Skip to main content
508 POLITICAL SCIENCE.
is apt to plant in the minds of a nation. Perhaps the best
way of managing them might be to fix a limit of property
and reserve the power of suppression to the state.
5. Apart from these more striking cases, there are multitudes
of others where questions touching the church or churches of
a land must come before the courts. Such are disputes be-
tween rival sets of trustees touching the right of managing
religious property ; questions touching the contract between
a minister and a people in regard to the payment of his salary,
or to other points in the contract of settlement ; questions of
orthodoxy in a case where a certain part of the pew-holders
or church-members contend against a minister or trustees
that they are untrue to their declarations of faith made on
taking office ; or such as relate to the right to use the church
edifice for certain purposes aside from religious worship, and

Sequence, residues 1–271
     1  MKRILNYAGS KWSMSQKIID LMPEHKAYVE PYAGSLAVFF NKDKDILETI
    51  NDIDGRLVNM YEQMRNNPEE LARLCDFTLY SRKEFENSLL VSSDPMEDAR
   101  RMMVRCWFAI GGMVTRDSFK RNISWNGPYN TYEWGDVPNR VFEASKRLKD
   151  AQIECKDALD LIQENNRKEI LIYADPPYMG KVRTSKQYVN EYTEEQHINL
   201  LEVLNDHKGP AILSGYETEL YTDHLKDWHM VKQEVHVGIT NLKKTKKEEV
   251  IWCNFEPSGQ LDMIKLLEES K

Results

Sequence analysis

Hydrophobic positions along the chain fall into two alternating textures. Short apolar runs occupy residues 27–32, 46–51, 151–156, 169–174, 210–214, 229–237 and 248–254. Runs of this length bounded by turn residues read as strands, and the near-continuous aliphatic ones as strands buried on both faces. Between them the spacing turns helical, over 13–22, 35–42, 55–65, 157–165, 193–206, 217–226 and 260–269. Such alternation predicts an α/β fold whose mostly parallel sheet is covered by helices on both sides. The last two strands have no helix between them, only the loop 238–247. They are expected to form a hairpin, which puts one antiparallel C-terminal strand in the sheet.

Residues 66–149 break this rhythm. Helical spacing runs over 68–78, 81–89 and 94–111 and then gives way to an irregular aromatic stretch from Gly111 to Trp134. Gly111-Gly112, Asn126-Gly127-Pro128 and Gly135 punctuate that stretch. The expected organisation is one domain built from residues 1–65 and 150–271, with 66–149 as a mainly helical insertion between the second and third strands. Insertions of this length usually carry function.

so on. Disputes of this kind must sometimes arise in vast
Christian denominations, which are capable of holding prop
erty and making contracts. But the principles of law and
equity on which such disputes are decided by state courts are
none other than well settled legal principles, applicable to
similar cases arising in secular corporations and associations.
To which we may add that the courts are comparatively im-
partial ; while church courts, where a case strongly interests
a community, would be unsafe arbiters and by no means fit
to be trusted.
In many codes of laws we find crimes against religion pun-
crimes against re- >shed with severity. Instances drawn from
Athenian law have been given already, and it has -
appeared what penalty Plato and Cicero would impose on
offences against religion. The author of the treatise concern-
ing virtues and vices found among Aristotle's works (chap.
vii., Didot's ed., ii., 246), calls impiety or acre/SeLa one of the
three kinds of injustice, and defines it as a fault towards the
gods, daemons, the dead, parents, and country. The Hebrew
law punished blasphemy, 2.^., as it is defined in Lev., xxiv.,